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Wednesday, April 7, 2010 as of 11:14 AM ET

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William La Jeunesse

Los Angeles, CA

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Kerry: Next 12 Hours Are Critical

December 16, 2009 - 11:38 AM | by: William La Jeunesse

Sen. John Kerry says the next 12 hours of the Copenhagen would be critical to the success of the conference.

But he hoped differences would be resolved, since success at the conference here is critical to passage of climate control legislation in the U.S. next year.

The Massachusetts senator also attempted to explain why climate legislation is such a tough sell in the U.S. Congress.

“Ninety-seven percent of new emissions in the next 20 years will come from developing nations,” he said, adding that by 2020 China’s emissions alone will be 40 percent higher than those in the U.S.

That’s why the U.S., Japan, Korea and the European Union nations are reluctant to agree to harsh, binding emission reductions if pollution from developing nations is not contained.

“We should not let the developing world repeat our mistake. We have to help them grow their economies.”

He conceded this might be a tough sell among Americans who are still somewhat skeptical about climate change claims, saying the debate “has not been fully embraced in the United States.”

With the arrival of many world leaders less than 24 hours away, the conference faces the prospect of having no final document to sign unless progress can be made on three key points.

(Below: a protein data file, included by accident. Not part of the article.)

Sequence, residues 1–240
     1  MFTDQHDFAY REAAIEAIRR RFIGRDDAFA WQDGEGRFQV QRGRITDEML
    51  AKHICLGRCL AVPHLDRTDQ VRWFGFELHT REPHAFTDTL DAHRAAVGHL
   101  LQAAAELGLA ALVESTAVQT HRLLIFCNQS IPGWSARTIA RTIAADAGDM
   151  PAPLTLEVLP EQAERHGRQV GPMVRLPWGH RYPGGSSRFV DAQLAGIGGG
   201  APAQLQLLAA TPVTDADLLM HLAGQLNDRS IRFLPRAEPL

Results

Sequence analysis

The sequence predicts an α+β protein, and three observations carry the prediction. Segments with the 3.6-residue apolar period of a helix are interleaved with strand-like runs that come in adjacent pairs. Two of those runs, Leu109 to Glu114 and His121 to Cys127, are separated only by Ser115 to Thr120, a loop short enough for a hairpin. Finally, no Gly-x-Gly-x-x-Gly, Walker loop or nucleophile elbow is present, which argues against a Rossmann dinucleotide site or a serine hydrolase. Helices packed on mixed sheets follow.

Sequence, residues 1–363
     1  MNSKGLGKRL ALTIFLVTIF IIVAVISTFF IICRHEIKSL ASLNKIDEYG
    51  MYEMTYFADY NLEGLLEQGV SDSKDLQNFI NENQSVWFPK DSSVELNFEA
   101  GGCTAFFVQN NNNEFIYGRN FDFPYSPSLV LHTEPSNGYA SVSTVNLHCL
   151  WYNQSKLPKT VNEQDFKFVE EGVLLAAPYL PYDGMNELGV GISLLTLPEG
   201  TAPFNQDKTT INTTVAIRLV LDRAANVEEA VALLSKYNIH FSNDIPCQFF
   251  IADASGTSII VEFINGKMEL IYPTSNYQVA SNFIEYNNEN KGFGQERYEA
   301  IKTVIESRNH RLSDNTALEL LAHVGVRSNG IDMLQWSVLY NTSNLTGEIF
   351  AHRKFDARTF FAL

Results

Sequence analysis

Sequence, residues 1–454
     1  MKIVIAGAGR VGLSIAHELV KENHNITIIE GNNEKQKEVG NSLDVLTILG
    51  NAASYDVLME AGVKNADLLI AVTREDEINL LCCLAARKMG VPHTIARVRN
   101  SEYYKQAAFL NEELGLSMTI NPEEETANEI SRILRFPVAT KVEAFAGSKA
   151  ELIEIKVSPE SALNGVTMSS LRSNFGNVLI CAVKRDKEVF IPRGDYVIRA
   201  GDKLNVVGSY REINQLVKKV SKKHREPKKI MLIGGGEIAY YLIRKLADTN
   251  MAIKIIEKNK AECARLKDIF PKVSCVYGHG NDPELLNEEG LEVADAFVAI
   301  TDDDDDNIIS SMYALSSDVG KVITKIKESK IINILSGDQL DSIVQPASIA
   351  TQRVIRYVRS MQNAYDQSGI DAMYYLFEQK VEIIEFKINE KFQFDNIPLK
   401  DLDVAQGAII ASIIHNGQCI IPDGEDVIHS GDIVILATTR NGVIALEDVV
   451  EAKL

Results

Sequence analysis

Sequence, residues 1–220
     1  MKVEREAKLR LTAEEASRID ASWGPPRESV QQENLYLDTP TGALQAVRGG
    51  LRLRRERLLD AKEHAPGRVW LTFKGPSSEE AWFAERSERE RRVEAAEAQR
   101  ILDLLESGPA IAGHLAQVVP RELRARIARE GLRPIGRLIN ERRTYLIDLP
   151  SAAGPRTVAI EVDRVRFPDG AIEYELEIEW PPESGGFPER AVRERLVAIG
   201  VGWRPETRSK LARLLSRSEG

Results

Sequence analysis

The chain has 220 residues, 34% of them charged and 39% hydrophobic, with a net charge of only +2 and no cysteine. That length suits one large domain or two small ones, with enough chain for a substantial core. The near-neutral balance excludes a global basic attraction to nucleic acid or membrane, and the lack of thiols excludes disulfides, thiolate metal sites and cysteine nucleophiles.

1) Peaking Year Emissions
The U.S. and other wealthy countries have peaked in emissions. These countries have the ability to reduce them through efficiency. But countries like China and India are going to take 30 years or more before they peak in emissions. That’s a huge gap to close. The developing countries don’t want to agree to a number that would strain their economy, with the Chinese and others saying it would be almost impossible to give an accurate date for emissions peak.

2) Temper, Temperature
Scientists say if you keep global temperatures within 2 Celsius of the historical norm — you can avert disaster. But now other scientists are saying that number is actually 1.5 Celsius. If the temperature rises too high, smaller islands like the Maldives will be gobbled up by melting glaciers. The new document actually uses the 2 degrees Celsius figure. The smaller countries and island want the 1.5 figure – they say they face eventual extinction if the number isn’t changed.

3) Verification
If a nation agrees to cut emissions by 10 percent, some will claim a one percent reduction against U.N. targets to go towards the 10 percent. U.S. and other wealthy countries don’t trust the verification of the countries’ claims. They want a better verification and record system. This has been a considerable point of contention between developing and the developed countries.

The Danish prime minister is trying to say yes to the next text — accept that we have differences, but let’s move forward. At this point, we don’t know what India, China and other developing nations are going to do. They may pull out of negotiations, or they may try to save face and act like everyone’s claimed victory.

Right now, we just don’t know what the next step is.

Click here for more LIVESHOTS: Front Seat in Copenhagen

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